Boston’s City Council is holding a hearing on Tuesday to consider giving noncitizen legal residents the right to vote in municipal elections. Supporters argue that this would make elections in the city more inclusive.
This new legislation would apply only to noncitizen legal residents, including visa holders, legal permanent residents, anyone with temporary protected status, and Deferred Action for Childhood Arrivals recipients. These immigrants would be allowed to vote only in municipal elections. Noncitizens are still barred from voting in federal elections under federal law.
The hearing was requested in January by City Council President Andrea Campbell. Campbell’s request for the hearing stated, “The purpose of our local government, including the Mayor’s Office of Immigrant Advancement, is to ‘strengthen the ability of diverse, cultural, and linguistic communities to play an active role in the economic, civic, social and cultural life of the City of Boston.’”
According to a U.S. Census Bureau survey in 2015, these residents make up 28 percent of Boston’s roughly 673,000 residents. Noncitizen residents of Boston also reportedly paid $116 million in state and local taxes.
The hearing will be at 3 p.m. ET on Tuesday.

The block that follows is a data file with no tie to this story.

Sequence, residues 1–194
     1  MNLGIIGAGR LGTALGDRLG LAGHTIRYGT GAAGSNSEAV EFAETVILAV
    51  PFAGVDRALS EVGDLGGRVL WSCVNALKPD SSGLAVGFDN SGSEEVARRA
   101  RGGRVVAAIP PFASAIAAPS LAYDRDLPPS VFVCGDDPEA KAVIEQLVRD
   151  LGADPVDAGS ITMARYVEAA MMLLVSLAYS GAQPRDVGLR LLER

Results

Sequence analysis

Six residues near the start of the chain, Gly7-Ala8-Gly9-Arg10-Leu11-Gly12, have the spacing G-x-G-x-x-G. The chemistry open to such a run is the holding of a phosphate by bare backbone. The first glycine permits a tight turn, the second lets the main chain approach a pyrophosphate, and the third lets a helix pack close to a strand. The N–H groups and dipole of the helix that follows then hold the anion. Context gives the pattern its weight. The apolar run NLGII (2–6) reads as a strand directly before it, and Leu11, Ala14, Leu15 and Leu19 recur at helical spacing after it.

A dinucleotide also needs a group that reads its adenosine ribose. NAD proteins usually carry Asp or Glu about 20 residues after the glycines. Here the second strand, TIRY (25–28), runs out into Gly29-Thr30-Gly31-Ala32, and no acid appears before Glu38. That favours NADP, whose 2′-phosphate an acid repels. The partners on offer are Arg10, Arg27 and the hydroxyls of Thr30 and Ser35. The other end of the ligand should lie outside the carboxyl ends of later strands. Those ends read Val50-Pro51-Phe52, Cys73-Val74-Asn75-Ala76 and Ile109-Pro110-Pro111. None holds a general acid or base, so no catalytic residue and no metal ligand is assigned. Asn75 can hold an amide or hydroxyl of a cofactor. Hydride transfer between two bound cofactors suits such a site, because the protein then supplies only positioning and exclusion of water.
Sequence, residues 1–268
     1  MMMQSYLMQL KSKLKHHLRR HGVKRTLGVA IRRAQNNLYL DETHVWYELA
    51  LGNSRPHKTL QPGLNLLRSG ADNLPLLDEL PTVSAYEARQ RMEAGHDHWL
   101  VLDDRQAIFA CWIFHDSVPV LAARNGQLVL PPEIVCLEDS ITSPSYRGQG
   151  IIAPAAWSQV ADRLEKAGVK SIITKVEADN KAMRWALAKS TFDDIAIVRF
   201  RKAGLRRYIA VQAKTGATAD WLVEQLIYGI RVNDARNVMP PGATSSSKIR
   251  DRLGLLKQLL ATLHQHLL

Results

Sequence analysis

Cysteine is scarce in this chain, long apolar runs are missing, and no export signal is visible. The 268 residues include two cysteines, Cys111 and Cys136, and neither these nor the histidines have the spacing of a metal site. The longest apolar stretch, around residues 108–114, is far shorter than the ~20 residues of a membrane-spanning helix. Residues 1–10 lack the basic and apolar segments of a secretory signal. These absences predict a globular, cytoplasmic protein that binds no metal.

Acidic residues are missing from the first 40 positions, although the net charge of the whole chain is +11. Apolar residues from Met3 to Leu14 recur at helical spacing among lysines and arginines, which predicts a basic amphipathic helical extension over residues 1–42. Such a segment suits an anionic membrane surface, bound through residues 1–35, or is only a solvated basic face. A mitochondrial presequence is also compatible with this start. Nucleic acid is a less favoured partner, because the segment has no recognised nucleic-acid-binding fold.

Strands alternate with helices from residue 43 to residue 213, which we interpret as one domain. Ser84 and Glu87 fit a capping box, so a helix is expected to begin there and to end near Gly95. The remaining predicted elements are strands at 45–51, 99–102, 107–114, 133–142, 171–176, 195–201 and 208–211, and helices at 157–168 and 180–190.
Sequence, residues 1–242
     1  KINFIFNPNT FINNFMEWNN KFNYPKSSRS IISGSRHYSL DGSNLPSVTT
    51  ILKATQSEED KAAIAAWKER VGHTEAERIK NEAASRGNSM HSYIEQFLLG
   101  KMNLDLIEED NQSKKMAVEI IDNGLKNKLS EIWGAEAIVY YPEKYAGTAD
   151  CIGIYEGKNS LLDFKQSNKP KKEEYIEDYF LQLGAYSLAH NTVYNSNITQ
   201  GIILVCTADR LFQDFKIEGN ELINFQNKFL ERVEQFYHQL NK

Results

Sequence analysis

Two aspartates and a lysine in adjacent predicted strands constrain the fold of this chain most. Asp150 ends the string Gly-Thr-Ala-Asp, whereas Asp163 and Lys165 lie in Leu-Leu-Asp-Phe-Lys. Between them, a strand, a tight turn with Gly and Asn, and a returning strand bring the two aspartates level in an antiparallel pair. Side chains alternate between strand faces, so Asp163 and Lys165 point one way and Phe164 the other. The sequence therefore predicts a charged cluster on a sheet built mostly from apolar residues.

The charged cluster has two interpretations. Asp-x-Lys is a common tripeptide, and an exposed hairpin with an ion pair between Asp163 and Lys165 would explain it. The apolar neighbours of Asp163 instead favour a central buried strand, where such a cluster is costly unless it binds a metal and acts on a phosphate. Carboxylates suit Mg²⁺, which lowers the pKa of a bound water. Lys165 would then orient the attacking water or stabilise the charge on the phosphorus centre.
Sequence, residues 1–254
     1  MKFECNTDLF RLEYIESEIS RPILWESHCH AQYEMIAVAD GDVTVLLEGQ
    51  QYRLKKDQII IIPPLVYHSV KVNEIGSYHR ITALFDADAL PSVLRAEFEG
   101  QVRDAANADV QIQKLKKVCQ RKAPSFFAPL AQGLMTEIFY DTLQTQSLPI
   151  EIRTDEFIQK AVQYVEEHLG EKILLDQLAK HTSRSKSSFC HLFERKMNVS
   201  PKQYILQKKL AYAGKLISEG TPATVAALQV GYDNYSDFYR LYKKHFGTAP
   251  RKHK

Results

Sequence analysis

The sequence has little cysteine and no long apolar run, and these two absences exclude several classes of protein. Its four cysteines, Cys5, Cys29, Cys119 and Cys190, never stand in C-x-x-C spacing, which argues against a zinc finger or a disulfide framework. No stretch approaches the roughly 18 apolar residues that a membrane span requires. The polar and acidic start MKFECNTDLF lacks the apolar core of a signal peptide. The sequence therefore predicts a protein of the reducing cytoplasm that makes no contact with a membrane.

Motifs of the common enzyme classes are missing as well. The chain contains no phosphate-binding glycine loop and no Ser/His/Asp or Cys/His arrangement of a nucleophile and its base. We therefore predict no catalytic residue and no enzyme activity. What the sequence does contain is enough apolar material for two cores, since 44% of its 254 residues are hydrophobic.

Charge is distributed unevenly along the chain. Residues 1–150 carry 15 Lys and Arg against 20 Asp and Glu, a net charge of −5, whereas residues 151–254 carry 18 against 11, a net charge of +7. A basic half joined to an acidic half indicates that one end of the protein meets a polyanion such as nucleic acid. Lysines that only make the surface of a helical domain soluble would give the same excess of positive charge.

In August 2017, College Park, Maryland, debated a similar measure. That measure ultimately failed. It managed to get a majority vote, but not the supermajority six-out-of-nine council members required for it to become law. Ten municipalities in Maryland currently allow noncitizens the right to vote in local elections.
Other cities across the country have tried similar measures unsuccessfully. In November, San Francisco voters approved a proposition that will allow noncitizen parents and guardians to vote in school board elections. However, this measure is specifically restricted to this subset of noncitizen adults and applies only to the school board elections.
If Boston does pass this proposal, it would be the first city to successfully do so for all citywide elections.